Previous studies have reported that E2 suppresses lipogenesis in white adipose tissue and liver in vivo (32
). However, it is unknown whether the antilipogenic effects of E2 are mediated via activation of adipocyte or hepatocyte ERs or via the central nervous system, similar to leptin signals from the mediobasal hypothalamus that trigger sympathetic outflow to white adipose tissue (34
). Several arguments support the view that E2 directly suppresses islet lipid synthesis, at least in part, via ER activation in β cells. First, E2 and selective agonists for all ERs reduced FA synthesis and TG accumulation in cultured rodent and human β cells. Second, in vivo activation of ERα with a selective agonist also suppressed islet FA synthesis and TG accumulation in mice. Conversely, in vivo activation of ERα in nonislet tissues failed to suppress islet lipid synthesis in PER
mice, which have islet-specific null deletion of ERα, and islets accumulated more lipids when these mice were fed a HF diet, in association with β cell dysfunction and mild hyperglycemia. Thus, we conclude that activation of ERα in islets is critical to prevent islet lipid synthesis and accumulation and β cell dysfunction, independent of an effect on the central nervous system or other tissues. Additionally, ERα, ERβ, and GPER/ERα36 reduced lipid synthesis to the same extent in cultured β cells when activated by synthetic agonists, despite E2 having no effect in cultured islets individually deficient in ERα, ERβ, or GPER. This suggests that ERα and ERβ exhibit nonredundant antilipogenic functions in islets.
We observed that ERs suppressed islet TG synthesis independently of an ERE. Moreover, the extranuclear ER ligand EDC and the agonist for the recently characterized extranuclear ERα36, lacking transcriptional activity (14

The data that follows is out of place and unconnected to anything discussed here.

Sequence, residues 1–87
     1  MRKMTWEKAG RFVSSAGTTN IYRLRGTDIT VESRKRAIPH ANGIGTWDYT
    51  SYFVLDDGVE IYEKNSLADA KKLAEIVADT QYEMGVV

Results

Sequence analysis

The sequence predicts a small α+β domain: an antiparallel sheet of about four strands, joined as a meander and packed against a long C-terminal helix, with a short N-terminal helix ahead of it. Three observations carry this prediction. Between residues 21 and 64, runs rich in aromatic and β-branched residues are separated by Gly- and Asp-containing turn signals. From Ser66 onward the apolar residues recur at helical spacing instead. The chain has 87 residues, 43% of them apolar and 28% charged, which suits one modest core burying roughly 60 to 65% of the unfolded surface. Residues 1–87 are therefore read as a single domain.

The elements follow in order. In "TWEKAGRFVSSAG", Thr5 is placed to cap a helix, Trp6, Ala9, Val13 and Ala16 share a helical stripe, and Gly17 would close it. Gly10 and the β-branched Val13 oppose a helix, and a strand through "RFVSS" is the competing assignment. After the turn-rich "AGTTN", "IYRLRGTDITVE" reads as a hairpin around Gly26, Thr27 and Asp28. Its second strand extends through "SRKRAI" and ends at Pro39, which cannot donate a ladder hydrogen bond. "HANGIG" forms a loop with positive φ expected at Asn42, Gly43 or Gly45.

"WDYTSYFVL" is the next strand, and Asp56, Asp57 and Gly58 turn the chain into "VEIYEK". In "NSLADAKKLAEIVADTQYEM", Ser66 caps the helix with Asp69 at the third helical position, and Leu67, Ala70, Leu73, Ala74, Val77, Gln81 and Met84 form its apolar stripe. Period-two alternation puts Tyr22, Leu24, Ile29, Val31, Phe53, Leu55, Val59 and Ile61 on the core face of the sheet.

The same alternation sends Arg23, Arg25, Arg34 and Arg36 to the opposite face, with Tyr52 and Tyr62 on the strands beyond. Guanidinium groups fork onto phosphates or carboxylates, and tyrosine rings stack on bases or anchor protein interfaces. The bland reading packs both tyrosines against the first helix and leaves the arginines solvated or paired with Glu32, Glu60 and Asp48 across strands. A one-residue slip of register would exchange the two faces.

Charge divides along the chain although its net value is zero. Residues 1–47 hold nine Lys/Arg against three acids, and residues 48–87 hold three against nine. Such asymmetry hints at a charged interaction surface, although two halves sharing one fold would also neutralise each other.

), both suppressed Fasn
mRNA levels and FAS activity. This demonstrated that E2 suppresses FA synthesis via input from extranuclear ERs, rather than from ERs acting as classical ligand-activated transcription factors. Furthermore, we present in vivo evidence that the extranuclear ERs signal via STAT3 activation to suppress islet FA synthesis and lipid accumulation. Further studies are needed to identify the pathways inhibiting FAS level and activity downstream of STAT3. A proposed mechanism for ER-mediated inhibition of islet lipid synthesis and accumulation is shown in Figure H.
Our findings have therapeutic implications for T2D. Previously, 2 randomized trials have shown a 30% reduction in the incidence of T2D in postmenopausal women on estrogen replacement therapy and provided some evidence for the protective effect of this therapy on β cells (35
). In ZDF rats, E2 treatment produces a massive increase in circulating lipids, as can be observed with oral estrogen (37
), which indicates that global activation of ER could be deleterious in T2D. Although ER ligands with selective extranuclear ER actions (21
) or ER pathway–selective activity (38
) have been developed, their effect is global. The results of the current study, combined with our previous findings that ERs improve islet survival (3
) and insulin biosynthesis (5
), suggest that selective enhancement or targeting of ER action in β cells may prove a novel therapeutic avenue to prevent β cell failure in T2D.